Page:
Madhesi protest in Nepal: Why India needs to step back a little

By Sunil Raman (9 Nov 2015) – The buzz among sections of Nepal’s intelligentsia is that the Modi government encouraged Madhesi protest in the Terai Region to gain electorally in Bihar elections. This might be farfetched but it goes to show the extent of distrust among the Nepali elite about India’s role in what is essentially an internal issue for a country still coming to terms with transition to a democratic setup.

In the last few days, after signing a deal with China that ended India’s monopoly over petrol/diesel/kerosene supply to Nepal the government of Prime Minister Oli signed a deal with Bangladesh to supply ATF or Aviation Turbine Fuel to the landlocked country. On 4 November, the Chinese called on Nepal government and parties to resolve the differences over the new Constitution without “outside interference”, in a veiled reference to India.

Representational image. AP

The spokesman further said that “We hope that the Nepali government and all relevant parties will bear in mind national unity, social stability and fundamental interests of people in Nepal,” asking Nepal government and other political parties to properly address their differences. “Properly resolve differences through consultations in a peaceful manner with no interference from outside, restore stability back to Nepal as soon as possible and stay committed to post disaster reconstruction and long-term development of Nepal,” she said.

In 2006, India committed a major error in judgement when it tried to support an unpopular King Gyanendra, whose legitimacy was under question after the palace massacre of 2000 that led to the death of the then king and his family. I was part of a team from BBC that covered the developments in Kathmandu and its outskirts.

People’s protest against Gyanendra was peaking, thousands of men and women were on the streets demanding an end to monarchy and to tackle that curfew was imposed for around a fortnight. Offices, schools, universities, businesses and even shops selling products for day to day living were shut. But, like revolutions in different parts of the world a time comes when people “don’t give a damn” for their safety and security. Armed policemen and troops don’t deter people who want to change the course of history.

The point I want to make is that scores of people we spoke to and interviewed in that volatile period, many of them young Nepalis, all made one important point – they questioned Indian government’s attempts to support a tottering monarchy when the country was itself a republic. I recall a constant refrain of “why does India want to tell us what to do?” among the vast number of people who marched across Kathmandu and many other big and small towns.

Much has changed politically since 2006. Today 70 per cent of Nepal population is below 35 years of age. They have an active media and people are lot more aware of local and international politics. India impacts their daily life like no other country because of open borders and for providing a lifeline to a country with no access to sea. After years of discussions and disagreements Nepal adopted finally a Constitution that proclaims it a secular democratic country, and not a theocratic Hindu state that it was until some years ago. The youth have become more aware and conscious of politics of the country and its relations with India.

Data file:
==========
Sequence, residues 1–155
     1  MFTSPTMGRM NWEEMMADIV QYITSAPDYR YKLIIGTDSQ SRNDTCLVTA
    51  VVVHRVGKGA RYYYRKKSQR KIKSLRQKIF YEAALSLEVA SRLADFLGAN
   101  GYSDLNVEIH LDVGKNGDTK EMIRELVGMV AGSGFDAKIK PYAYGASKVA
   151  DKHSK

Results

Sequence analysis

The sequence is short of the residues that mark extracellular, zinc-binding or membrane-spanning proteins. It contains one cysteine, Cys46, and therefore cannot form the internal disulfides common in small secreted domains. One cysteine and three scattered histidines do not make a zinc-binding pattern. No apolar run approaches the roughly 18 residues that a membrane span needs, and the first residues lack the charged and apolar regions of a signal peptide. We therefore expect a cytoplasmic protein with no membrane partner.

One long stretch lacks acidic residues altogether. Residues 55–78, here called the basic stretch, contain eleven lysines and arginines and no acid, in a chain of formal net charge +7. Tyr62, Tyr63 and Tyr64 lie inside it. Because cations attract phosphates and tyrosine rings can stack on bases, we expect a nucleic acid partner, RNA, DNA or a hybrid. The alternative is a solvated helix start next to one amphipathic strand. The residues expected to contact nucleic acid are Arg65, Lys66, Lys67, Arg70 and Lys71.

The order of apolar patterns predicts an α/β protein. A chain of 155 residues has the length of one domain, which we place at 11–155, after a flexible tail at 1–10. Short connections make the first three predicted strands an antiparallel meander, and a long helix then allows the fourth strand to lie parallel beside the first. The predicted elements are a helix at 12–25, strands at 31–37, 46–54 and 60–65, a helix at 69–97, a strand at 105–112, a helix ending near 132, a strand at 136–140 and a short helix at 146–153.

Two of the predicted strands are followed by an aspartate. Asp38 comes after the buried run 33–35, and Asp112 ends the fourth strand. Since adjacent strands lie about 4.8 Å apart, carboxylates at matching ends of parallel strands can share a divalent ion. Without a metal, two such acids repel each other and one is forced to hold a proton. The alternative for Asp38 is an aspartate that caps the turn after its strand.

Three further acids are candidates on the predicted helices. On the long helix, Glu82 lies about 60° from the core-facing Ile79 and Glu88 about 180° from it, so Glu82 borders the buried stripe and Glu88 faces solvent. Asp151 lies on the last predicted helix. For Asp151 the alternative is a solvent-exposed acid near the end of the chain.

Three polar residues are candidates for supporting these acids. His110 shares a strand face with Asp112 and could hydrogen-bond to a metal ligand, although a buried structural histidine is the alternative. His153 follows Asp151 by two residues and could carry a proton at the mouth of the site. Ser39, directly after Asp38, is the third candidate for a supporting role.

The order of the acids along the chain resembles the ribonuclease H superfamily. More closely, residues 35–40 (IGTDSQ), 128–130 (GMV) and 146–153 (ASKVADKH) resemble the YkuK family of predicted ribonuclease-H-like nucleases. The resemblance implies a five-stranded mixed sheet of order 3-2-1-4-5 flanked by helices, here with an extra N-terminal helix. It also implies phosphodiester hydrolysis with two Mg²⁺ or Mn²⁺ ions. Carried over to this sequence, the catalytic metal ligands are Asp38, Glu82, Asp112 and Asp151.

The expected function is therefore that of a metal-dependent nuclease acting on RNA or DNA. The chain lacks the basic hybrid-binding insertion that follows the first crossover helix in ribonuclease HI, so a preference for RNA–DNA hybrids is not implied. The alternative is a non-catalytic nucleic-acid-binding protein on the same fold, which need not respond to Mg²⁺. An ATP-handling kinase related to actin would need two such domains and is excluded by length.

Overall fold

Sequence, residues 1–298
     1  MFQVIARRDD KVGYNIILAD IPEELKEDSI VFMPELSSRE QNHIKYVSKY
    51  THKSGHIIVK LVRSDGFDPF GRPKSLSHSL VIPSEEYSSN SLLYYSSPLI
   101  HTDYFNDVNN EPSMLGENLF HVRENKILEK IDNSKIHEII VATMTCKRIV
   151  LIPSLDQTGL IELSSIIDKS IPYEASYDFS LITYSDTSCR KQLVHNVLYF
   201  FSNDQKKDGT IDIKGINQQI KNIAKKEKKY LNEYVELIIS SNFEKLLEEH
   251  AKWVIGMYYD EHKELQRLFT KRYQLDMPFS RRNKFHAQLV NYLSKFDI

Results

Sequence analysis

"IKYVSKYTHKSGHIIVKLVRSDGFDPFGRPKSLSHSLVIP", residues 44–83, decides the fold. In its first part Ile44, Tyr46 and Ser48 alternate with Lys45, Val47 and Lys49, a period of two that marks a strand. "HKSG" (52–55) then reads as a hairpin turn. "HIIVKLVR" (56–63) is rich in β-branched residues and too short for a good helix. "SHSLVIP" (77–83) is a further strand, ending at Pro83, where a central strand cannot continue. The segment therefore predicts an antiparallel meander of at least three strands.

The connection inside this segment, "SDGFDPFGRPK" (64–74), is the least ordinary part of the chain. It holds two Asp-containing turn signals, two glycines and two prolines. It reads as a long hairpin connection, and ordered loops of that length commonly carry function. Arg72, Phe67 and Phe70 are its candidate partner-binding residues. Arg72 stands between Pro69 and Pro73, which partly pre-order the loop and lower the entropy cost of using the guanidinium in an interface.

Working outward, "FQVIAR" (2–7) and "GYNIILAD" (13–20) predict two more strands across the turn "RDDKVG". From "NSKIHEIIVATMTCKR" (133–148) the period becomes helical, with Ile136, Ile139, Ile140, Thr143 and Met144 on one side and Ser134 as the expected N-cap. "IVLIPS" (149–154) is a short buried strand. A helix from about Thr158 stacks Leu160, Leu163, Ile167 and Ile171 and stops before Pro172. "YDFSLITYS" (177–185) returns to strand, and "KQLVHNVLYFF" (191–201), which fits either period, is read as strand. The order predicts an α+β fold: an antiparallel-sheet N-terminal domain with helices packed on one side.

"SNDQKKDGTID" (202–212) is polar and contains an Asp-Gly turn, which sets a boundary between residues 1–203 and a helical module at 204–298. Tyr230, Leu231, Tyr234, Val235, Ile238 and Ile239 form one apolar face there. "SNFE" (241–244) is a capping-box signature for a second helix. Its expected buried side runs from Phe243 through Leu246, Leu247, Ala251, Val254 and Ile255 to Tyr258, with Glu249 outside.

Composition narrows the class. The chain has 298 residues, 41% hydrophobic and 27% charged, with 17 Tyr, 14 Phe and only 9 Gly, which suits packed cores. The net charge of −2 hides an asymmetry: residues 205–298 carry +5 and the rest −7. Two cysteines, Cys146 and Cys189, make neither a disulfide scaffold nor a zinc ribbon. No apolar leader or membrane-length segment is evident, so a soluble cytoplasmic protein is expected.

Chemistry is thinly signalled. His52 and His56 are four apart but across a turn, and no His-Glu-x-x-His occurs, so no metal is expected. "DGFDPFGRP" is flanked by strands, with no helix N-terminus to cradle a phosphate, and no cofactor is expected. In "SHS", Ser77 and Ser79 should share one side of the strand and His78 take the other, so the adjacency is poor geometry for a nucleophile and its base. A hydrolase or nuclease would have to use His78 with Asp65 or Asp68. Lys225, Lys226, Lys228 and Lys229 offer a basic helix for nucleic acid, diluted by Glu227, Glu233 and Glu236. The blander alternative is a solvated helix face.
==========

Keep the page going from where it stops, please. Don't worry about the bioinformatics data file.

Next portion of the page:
The “nationalist” streak that Indian youth have begun to reflect is lot more evident among Nepali youth when it comes to New Delhi. They believe that as a sovereign country their ties with India need to be reworked to reflect Nepal’s independence. Forced to depend on India for all imports and exports because of geography these young people do not accept that as a reality to live with. They want their political leaders to review and relook at how their ties were formulated with a big neighbour for all these years.
Therefore, China’s quick response to the looming fuel crisis by promising to supply 1,000 metric tonnes of fuel on easy terms was much appreciated.

India’s foreign office mishandled developments when the Constitution was being adopted and the ill-advised move to send foreign secretary S Jaishankar to Kathmandu sent a negative message about New Delhi’s strategy towards a country that had adopted a new Constitution. Announcement of a new Constitution on September 20 was not to India’s liking. Jaishankar wanted Madhesi demands to be addressed first. But Nepal’s response was “We’ll do it our way.”

Fears of India trying to sabotage the promulgation of a Constitution was fanned by Maoist chief Prachanda who kept insisting that delay would take away “our achievements”, namely republicanism, federalism and secularism. An alliance between the Unified Communist Party of Nepal-Maoist (UCPN-M) and the Communist Party of Nepal-Unified Marxist Leninist (CPN-UML) has grabbed all key posts in government.

These developments are more than pinpricks in a relationship that has been strained for a few years. The Oli government is politically shaky but the narrative has worked against India’s interests. Many will argue that such feelings are natural among small neighbours of India, especially Nepal with whom India and not China shares civilisational ties. After all, geography cannot be changed. Nepal shares an open border of 1,868 km with five Indian states (Uttarakhand, Uttar Pradesh, Bihar, West Bengal and Sikkim) and 1,415 km with Tibet.

Nepal has no choice but live with India in harmony. Surely Nepal’s political leadership is not blind to these key geographical facts. On its part, India needs to step back somewhat. In its desire to ensure justice to a large Madhesi population it has overplayed its hand. Now that Bihar elections are over, New Delhi needs to recalibrate its relations with Kathmandu.

The writer is a former BBC journalist

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